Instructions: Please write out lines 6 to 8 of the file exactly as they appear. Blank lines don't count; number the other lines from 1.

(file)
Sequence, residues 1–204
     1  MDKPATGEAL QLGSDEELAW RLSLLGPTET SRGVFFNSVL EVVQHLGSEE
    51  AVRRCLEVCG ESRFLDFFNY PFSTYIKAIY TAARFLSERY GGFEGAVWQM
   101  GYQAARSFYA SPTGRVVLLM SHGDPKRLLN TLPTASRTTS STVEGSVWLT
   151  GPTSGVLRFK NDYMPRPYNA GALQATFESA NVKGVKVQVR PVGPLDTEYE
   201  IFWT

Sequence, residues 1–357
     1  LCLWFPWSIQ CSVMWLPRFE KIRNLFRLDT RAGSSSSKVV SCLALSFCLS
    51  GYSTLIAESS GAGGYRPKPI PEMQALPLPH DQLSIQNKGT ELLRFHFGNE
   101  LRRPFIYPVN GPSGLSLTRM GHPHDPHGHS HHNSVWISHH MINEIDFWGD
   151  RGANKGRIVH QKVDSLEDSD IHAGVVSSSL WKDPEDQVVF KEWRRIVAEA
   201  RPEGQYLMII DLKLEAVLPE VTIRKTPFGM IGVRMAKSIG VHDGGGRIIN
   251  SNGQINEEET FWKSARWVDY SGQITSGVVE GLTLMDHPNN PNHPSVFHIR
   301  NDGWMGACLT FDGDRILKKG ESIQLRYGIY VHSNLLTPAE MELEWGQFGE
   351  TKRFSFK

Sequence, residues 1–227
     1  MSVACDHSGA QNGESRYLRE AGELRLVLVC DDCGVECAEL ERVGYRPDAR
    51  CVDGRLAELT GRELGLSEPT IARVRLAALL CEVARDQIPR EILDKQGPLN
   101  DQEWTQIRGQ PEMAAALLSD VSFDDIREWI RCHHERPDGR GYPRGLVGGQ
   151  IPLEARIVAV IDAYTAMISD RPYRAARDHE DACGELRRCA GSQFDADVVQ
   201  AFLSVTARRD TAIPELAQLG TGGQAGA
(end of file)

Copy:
   201  IFWT

Sequence, residues 1–357
     1  LCLWFPWSIQ CSVMWLPRFE KIRNLFRLDT RAGSSSSKVV SCLALSFCLS